The beginning of common stock starts with an initial price offering (IPO) by a privately held company. There are many steps involved with becoming a publicly traded company. As with any decisions that a firm makes, there are both advantages and disadvantages of going public vs. remaining private. Some of the advantages including a much greater access to capital, attracting top talent by being able to offer stock options, and enlisting in the stock market acts as a huge marketing event for the company. “A company usually decides to IPO because it provides access to capital to fuel growth and liquidity for founders and investors and also because it provides the public market’s unofficial stamp of approval” (Wasserman). A public company can much easier acquire new firms but also provide value if some other firm chooses to acquire the company. There are also some disadvantages of going public including loss of control over the company by management and founders, additional reporting to the SEC which can very costly, as well revealing sometimes sensitive information as requested by the SEC.
A company deciding to IPO first has to take into account certain exchange listing requirements as securities laws. Both the NASDAQ and NYSE require a company’s pretax income to be t a certain level. The NYSE requires either $2.5 million before federal income taxes for the most recent year and $2 million pretax for each of the preceding two years to IPO. However, the NASDAQ only requires $1 million in pretax income in the latest fiscal tear of in two of the last three fiscal years to enlist. The NASDAQ also follows suit with the Securities Exchange of 1934 to registers. “This act requires publicly held companies to disclose information continually about their business operations, financial conditions, managements” (IPO Basics). There may also be state rules that a company has to abide by before enlisting in the NASDAQ.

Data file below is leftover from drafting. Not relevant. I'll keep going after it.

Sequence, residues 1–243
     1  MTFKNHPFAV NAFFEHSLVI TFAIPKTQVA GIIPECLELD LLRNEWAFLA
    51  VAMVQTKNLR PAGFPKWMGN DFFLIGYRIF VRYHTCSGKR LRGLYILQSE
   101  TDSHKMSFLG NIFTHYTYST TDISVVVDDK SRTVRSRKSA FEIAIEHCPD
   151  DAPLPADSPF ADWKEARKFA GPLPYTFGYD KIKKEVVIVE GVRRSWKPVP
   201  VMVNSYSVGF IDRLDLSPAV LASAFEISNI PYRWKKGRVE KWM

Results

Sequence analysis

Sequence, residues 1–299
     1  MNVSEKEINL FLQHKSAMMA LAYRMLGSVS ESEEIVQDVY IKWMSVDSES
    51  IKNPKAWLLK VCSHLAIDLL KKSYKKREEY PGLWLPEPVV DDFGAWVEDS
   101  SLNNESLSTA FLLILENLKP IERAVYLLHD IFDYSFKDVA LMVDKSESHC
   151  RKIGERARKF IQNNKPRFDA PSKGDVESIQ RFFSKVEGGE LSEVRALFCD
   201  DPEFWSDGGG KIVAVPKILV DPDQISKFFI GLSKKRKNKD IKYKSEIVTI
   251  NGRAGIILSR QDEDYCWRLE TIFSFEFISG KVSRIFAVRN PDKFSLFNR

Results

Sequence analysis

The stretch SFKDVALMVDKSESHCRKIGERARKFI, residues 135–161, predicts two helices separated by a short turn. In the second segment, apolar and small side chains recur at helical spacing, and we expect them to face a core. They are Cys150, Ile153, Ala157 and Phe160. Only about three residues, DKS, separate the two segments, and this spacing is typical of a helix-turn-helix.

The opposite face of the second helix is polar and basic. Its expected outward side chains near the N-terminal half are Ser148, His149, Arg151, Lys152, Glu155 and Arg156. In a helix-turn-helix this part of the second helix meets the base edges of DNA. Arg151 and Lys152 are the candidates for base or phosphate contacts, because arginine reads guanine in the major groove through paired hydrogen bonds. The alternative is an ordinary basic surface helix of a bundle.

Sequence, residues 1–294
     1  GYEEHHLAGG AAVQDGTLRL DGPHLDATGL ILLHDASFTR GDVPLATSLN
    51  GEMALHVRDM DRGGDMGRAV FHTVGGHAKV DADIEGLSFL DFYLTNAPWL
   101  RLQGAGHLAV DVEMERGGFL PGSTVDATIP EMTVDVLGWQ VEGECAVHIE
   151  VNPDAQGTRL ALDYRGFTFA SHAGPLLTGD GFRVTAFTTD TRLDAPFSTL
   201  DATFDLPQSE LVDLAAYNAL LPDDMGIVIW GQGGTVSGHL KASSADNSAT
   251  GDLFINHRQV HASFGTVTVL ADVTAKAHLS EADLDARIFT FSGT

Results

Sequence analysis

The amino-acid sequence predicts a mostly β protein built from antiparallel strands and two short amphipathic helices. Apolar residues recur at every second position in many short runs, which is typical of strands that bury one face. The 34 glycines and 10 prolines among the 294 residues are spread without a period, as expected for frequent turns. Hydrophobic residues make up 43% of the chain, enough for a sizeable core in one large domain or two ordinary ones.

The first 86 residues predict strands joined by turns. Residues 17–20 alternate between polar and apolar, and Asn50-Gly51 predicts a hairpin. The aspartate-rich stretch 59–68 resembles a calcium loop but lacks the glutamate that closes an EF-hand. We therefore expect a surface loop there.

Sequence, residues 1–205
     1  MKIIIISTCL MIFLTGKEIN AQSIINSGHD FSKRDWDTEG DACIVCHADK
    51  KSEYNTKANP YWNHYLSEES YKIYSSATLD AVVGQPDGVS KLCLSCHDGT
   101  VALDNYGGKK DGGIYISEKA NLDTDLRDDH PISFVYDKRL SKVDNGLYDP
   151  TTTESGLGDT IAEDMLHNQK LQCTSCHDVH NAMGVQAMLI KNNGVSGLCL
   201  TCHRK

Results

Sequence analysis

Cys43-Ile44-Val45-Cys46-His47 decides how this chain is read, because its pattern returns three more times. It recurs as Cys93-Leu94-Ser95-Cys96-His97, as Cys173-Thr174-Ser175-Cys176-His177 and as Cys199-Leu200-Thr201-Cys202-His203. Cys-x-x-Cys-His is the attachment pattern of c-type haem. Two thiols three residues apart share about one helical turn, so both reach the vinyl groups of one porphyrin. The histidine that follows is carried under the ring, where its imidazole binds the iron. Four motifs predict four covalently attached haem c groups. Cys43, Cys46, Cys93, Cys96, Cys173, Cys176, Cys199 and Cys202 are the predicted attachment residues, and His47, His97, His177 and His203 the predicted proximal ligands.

In order to become a public company, there are many steps to take which can take a large portion of time. However, that should be a deterrent to becoming public. To begin, proper management teams need to be in place to take on the hefty task of becoming public. It is also important that the company’s board of directors is independent of the company as to comply with rules. The financial team also needs to make sure that they conform to the rules of the Sarbanes-Oxley Act. Next, the firm needs have a “beauty contest”, in other words, they need to attract investment bankers wisely that can provide sufficient research analysis for the company. They also need to be knowledgeable of the nature of the business and industry. The first principal offering is the prospectus, which can take several weeks to prepare and file with the SEC. Next, complete the registration and review, as well as file the initial listing application. Senior managers will now begin to meet with prospective investors, on the road show, with the hope of building a book for the underwriters so the IPO can succeed. After the road show, the IPO needs to be priced. This usually occurs after the close of the markets on the final day of the road show and stocks will begin trading the next morning. Finally, the IPO will typically close on the 4th business day after the pricing and the issuer and any selling stockholders will release shares to the underwriters.
There are many types of common stock available ranging from conservative to unpredictable. Here a few types of available common stock:
1. Blue chip stocks are stock offerings of the largest and most prestigious companies. Most of these firms do not have potential for further substantial internal growth, as well won’t be going out of business anytime soon. An advantage to blue chip stocks is that they rarely have to raise additional capital and generate excess cast. With this excess cash, the firms will generally pay dividends to their shareholders.
2. Income stock, which are appealing